Am I entitled to see a copy of search warrant in a no knock raid at my home? 5 Answers as of June 17, 2011

I still have not seen a copy of the search warrant from the raid at my house. They say it is sealed. Is this legal in a case where it is based on a controlled buy to a confidential informant? Also, is it legal for them to give me a copy of my discovery that has been changed and has false information including the police saying they knocked and they did not?

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The Law Office of Harry E. Hudson, Jr.
The Law Office of Harry E. Hudson, Jr. | Harry E. Hudson, Jr.
There is a provision to seal a warrant to prevent you from seeing the Informant or other information re the investigation especially if it relates to another pending prosecution. You probably need counsel.
Answer Applies to: California
Replied: 6/17/2011
Law Offices of Scott Tibbedeaux
Law Offices of Scott Tibbedeaux | Scott Tibbedeaux
There is no state statutory or constitutional rule that requires the searching officer or officers have to leave a copy at the scene after the search. (People v. Calabrese (2002) Cal.App.4th79.) Only a copy of the receipt and inventory or return must be left with the occupants or at the scene (P.C. 1535.) When warrant affidavits may be sealed: The warrant affidavits may be sealed when necessary to protect the identity of a confidential informant either because his or her safety may be jeopardized and/or the individual is being used in other investigations that might be compromised if it is known who the person is. (United States v. Napier (9th Cir. 2006) 436 F.3rd1133.) The officer can show the warrant that is signed by the judge without showing the warrant affidavit itself. In regards to discovery, a motion to suppress based on a defective search warrant could be filed.
Answer Applies to: California
Replied: 6/17/2011
Nelson & Lawless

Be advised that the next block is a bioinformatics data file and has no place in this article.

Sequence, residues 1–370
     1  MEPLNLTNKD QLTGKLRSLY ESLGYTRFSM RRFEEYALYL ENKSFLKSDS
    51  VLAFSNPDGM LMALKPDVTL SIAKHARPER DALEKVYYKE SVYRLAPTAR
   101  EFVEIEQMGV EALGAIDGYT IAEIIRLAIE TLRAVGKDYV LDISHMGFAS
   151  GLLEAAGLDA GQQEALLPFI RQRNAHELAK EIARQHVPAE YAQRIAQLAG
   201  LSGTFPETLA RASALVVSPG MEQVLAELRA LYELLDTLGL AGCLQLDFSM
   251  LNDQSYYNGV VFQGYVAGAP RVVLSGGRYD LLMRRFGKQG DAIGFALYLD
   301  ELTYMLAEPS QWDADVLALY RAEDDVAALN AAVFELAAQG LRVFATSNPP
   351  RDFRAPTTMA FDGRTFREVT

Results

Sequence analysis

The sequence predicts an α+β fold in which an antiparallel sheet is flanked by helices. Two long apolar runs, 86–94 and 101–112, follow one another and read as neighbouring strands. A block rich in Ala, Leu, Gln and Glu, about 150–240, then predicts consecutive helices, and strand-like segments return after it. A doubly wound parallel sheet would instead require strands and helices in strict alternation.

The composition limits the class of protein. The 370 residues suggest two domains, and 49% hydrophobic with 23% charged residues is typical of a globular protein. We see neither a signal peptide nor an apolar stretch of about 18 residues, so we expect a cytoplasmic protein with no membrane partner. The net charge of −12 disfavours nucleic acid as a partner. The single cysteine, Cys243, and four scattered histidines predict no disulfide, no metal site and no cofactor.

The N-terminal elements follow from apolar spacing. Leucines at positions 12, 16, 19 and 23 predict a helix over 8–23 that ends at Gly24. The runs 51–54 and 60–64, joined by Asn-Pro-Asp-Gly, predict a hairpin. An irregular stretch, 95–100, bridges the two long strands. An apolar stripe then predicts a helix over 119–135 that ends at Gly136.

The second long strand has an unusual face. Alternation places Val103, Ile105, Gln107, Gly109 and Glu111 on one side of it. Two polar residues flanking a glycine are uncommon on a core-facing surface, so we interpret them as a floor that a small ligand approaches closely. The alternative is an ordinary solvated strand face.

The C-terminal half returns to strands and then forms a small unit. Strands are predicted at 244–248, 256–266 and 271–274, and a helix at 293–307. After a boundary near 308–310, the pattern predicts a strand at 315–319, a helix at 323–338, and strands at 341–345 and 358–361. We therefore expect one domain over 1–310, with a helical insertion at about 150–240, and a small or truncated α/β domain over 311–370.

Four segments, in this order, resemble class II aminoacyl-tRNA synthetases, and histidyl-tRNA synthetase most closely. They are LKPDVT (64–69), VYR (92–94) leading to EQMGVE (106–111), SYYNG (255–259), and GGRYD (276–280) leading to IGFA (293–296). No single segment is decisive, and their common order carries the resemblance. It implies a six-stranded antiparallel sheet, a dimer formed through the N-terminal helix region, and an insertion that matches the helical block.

Nelson & Lawless | Terry Nelson
Whether these things are legal or not will be answered by the judge as a result of appropriate motions in your case. Your version of the facts and events being different from the police does not prove theirs is false, it merely is the argument you will be making your word versus how many of them? Of course you can fight the charges. When arrested or charged with any crime, the proper questions are, can any evidence obtained in a search or confession be used against you, and can you be convicted, and what can you do? Raise all possible defenses with whatever admissible and credible witnesses, evidence and facts are available for legal arguments, for evidence suppression or other motions, or at trial. Effective plea-bargaining, using those defenses, could possibly keep you out of jail, or at least dramatically reduce it. Go to trial if it can't be resolved with motions or a plea bargain. Not exactly a do it yourself project in court for someone who does not know how to effectively represent himself against a professional prosecutor intending to convict and jail you. If you don't know how to do these things effectively, then hire an attorney that does, who will try to get a dismissal, diversion, reduction or other decent outcome through plea bargain, or take it to trial if appropriate. If serious about hiring counsel to help you in this, and if this is in SoCal courts, feel free to contact me.
Answer Applies to: California
Replied: 6/17/2011
Lowenstein Law Office
Lowenstein Law Office | Anthony Lowenstein
Yes, you certainly are. For more information, please see my website.
Answer Applies to: California
Replied: 6/17/2011
Law Office of Peter F. Goldscheider
Law Office of Peter F. Goldscheider | Peter Goldscheider
The search warrant itself is public record and in fact they usually leave a copy at the time of the search. The affidavit in support of the warrant usually remains sealed until a criminal prosecution begins. A judge issues a warrant based on a finding of probable cause which can be based on a variety of factual situations inc. the use of an informant in various ways. If they lied to get it or the affidavit is lacking in probable cause that is matter to litigate when and if charges are brought.
Answer Applies to: California
Replied: 6/17/2011
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